As the entire country is gripped by the euphoria of ushering in the festival of colors for yet another spring, hues and festivities have taken centerstage. A motley of myriad dyes awaiting to deck up the atmosphere in all its brilliant vibes, replete with joy and freshness, celebrations and happiness, has brought about a swish of frenzy that is steeped in all excitement and glory.
Indeed, it’s that time of the year when different shades of dark and light hues strive to unite the people with a bond of love and togetherness, when diversity is manifested as what it has always intended to be, as a strength rather than as another attempt to disrupt the peace of the nation for smaller interests.
It’s the dawn of the celebration of colors, the fun festival of Holi! As a traditional festival that has its origins in the beliefs of the Hindu community, Holi has its roots deeply intertwined with mythology. Over the years, as the festival has emerged to be a happy common ground for people of all religions and races to unite and join in the celebrations, the tales behind the tradition have turned a bit vague. But not in any way this diversity has strived to uproot the essence of this festival. In enhancing integrity among the people and in fostering a sense of brotherhood and oneness, Holi has been a true harbinger of the joy and color the festival was meant to encompass.
Like every other Indian festival that celebrates the triumph of good over evil, Holi also seemingly perpetuates the essentially universal belief. Obviously then, the traditions that are attributed as being the origin of Holi also bears this semblance of the hope that has sustained mankind for all- the inherent belief in the Almighty that evil will perish and the good will come to rule.
There’s no one definite story however that perpetuates the emergence and continuity of Holi as a festival of colors. Different tales have been woven in mythology throughout history and each of these relatations are believed to be the actual story behind the origin of Holi.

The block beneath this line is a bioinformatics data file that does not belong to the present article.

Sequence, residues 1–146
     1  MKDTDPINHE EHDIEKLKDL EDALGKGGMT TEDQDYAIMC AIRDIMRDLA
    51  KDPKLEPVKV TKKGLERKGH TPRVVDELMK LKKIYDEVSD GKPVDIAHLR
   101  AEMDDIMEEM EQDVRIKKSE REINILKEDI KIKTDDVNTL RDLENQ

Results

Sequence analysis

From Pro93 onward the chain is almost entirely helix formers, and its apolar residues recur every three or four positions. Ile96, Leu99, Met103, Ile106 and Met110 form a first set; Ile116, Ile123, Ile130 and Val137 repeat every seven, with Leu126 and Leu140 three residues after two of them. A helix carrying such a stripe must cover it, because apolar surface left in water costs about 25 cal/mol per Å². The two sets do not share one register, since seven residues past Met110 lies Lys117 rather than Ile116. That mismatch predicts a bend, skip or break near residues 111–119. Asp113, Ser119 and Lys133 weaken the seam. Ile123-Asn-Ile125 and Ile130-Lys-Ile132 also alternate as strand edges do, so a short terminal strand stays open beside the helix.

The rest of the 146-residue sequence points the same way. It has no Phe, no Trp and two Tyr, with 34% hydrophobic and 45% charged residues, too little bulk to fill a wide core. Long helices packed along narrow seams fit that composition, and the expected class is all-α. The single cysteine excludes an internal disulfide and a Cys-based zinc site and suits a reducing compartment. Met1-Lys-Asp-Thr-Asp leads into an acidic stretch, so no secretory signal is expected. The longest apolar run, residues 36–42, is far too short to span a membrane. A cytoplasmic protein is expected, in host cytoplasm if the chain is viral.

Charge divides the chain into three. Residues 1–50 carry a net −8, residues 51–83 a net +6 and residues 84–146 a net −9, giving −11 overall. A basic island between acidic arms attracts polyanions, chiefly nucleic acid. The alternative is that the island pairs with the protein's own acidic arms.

The most prominent among these tales are the Vishnu and Krishna legends. But what remains a tale less explored is the possible link that Lord Shiva might have borne in respect to this festival.
The significance of Holi as a festival deep rooted in traditions can be found also in the legacy of the Omnipotent Hindu deity, Lord Shiva. This particular legend draws upon Shiva’s deep devotion and unwavering penchant for meditation to explain the origin of the festival of colors.
Legend has it that once while Shiva went into deep meditation to calm down his wrath in the aftermath of the immolation of Goddess Sati, the God of Love Kama tried to ‘revive’ the Lord for stopping a powerful demon who was raging destruction on earth. The demon could only have been halted by a seven day old child and Kama’s attempt at inciting Shiva out of his mediation was a desperate plea for rescual.
However, unwavered as He has always been in His meditation, Shiva did not respond to Kama’s pleas. A distraught Kama then resorted to shooting love arrows at Shiva which infuriated the latter. Furious, Shiva burned Kama down into ashes with the power of his legendary third eye. Kama was later restored in ethereal form by Shiva after pleas by Kama’s wife Rati made Him realise the gravity of what had led the God of Love to recourse to such an action, sacrificing His self for the good of all beings. This manifestation of Kama emerging to life from death represents a form of love that is divine and true, free from bondages and rising above the lust of physicality.
This legend of Kama rising from the ashes also gave rise to two very integral Holi traditions. The custom of offering sandalwood paste to Kamadev (as one of the auspicious of the gulaals) on the occassion as well as the burning of bonfire during the festival to keep all evil forces at bay came to be very important components of the Holi festivities.
Shiva eventually united with Parvati, the incarnation of Sati, and gave birth to a son who killed the demon, the one that had led Kama to despair. Thus dawned the victory of good over evil and the festival of colors came to be celebrated in all happiness and enjoyment.
However, this isn’t the only connection that Lord Shiva bears with the festival of colors. Another legend has it that Shiva had bestowed a boon on an ogress Dhundhi that lend her immortality. However, as she went about devouring children in the kingdom of Prithu, Shiva had to direct a curse at her that put her in danger from young boys going all rowdy during Holi. Dhundhi ultimately met her end after being chased away by children’s pranks during the celebration of colors. Thus rowdy behavior, and all that forceful pestering into playing with colors came to be the accepted norm during Holi.